- RCRA waste determinations should be made at the institutional level at the central consolidation or accumulation point. Members agree that RCRA waste determinations should be made by the institution, not the laboratory scientist. Providing this flexibility would allow the designated representative of the institution to be responsible for making a waste determination; in most cases this would likely be an Environmental Health and Safety Specialist. In addition, the determination of a laboratory waste should be made by the researcher. Moving the point of generation of hazardous waste outside the laboratory, and allowing the determination to be made by a trained environmental health and safety expert, rather than a scientist, will allow the institution to make the best possible decisions on the feasibility of recycling and reuse. Finally, this interpretation would resolve the issue of open vs. closed containers mentioned above. These determinations are consistent with the draft Project XL proposal and members suggest that they be extended to all research institutions.
- On-site treatment should be allowed at a central accumulation site prior to declaration of RCRA waste status. Members agree with the clarification proposed in the draft Project XL project that would allow a generator to treat waste in an accumulation tank or container. This language is contained in 51 FR 10168, dated March 24, 1986. With this clarification, the options available to research institutions for treatment of wastes, short of requiring a Part B permit, would be treatment in containers, recycling, and elementary neutralization.
- Multiple sites that are geographically proximate should be allowed to have one waste generator ID code. As mentioned above, university campuses, or portions of the same campus, that are proximate but do not meet the EPA definition of contiguous, require separate ID codes. This creates considerable administrative burden by requiring multiple record-keeping systems and by requiring the institution to essentially manifest the wastes to itself when transporting them to a central campus accumulation point. The flexibility to maintain a single generator ID code for geographically proximate sites would eliminate the duplicate record-keeping and the need for manifesting over relatively short distances between campuses, or within the same campus.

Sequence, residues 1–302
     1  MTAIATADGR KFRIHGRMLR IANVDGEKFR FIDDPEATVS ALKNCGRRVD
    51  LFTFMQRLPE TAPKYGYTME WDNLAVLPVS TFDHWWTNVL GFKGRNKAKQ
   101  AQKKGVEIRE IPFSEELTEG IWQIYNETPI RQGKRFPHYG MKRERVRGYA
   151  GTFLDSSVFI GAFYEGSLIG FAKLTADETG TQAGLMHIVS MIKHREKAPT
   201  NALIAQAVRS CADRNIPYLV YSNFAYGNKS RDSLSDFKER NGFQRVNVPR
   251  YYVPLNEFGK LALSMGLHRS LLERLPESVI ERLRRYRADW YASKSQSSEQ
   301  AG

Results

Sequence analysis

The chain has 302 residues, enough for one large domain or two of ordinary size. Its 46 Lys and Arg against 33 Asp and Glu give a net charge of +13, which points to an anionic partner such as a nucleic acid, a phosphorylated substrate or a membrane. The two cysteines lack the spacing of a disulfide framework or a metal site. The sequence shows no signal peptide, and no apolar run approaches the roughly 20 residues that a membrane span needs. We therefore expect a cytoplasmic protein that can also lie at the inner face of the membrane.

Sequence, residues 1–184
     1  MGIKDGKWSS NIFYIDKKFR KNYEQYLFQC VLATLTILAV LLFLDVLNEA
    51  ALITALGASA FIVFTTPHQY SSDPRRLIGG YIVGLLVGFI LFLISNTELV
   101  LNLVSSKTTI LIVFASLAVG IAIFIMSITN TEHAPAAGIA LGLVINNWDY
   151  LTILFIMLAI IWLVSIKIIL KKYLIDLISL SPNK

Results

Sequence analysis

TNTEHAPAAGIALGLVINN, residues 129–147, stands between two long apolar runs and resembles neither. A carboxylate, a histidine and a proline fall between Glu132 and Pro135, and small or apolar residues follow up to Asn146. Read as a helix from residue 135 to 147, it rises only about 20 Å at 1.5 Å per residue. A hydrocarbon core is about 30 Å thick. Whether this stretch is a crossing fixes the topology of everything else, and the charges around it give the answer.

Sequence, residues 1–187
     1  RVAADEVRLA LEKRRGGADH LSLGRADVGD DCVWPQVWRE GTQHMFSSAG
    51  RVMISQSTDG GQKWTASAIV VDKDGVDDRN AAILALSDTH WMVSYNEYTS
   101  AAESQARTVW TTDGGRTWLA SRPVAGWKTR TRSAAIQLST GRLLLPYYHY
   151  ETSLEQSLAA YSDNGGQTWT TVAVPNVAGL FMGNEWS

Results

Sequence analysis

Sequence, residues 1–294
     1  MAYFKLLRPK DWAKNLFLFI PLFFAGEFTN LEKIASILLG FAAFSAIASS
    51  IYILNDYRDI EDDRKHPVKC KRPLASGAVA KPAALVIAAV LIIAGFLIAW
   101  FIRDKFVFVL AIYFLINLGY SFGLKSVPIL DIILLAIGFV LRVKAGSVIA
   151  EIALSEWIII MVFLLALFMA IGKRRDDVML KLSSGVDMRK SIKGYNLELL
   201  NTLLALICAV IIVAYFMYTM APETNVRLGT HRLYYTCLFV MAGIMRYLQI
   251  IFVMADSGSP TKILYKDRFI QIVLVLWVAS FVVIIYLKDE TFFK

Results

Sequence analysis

- OSTP, on behalf of the research community, should convene an action task force to evaluate and rationalize the administration of environmental regulations as they pertain to research institutions. At the present time there is no effective Federal mechanism for reconciling conflicting regulations that may be imposed by EPA, OSHA, and NRC, or to assess whether environmental regulations are written and administered so as to be compatible with the research environment. Members propose that these regulations be systematically reviewed to eliminate conflicting provisions and to provide the flexibility to allow the adaptation of regulations, possibly written with other industries in mind, to the research environment. Members also suggest evaluation of extensive reporting requirements, such as community right-to-know, the EPA Biennial Report, and waste minimization reporting, to assure that they are achieving their intended purpose. The members suggest that the participants in this process be of sufficient seniority to be able to commit their Agency to action, within the restrictions of the Administrative Procedures Act.
In making this suggestion, members reiterate their commitment to sound programs of environmental protection. Their purpose is not to diminish existing protections or to lessen their institution's accountability, but to eliminate overlapping regulations and allow research institutions to adapt the regulations to their environment.
- EPA and the research community should establish a partnership, based on trust and open communication, to collaboratively meet their mutual objective of environmental protection. The members conclude that a dialogue must be established to solve the issues that currently exist and to preclude their occurrence in the future. EPA, as a regulatory agency whose attention is concentrated primarily on other industries and populations, has not identified the research community as one of its stakeholders. At the same time, the research community, while aggressive in establishing strong relationships with the Federal science agencies, has not established similar relationships with agencies that, as a tangential part of their mission, regulate aspects of research. Yet, both EPA and the research community share the mutual objective of environmental protection. Several suggestions are proposed by the members: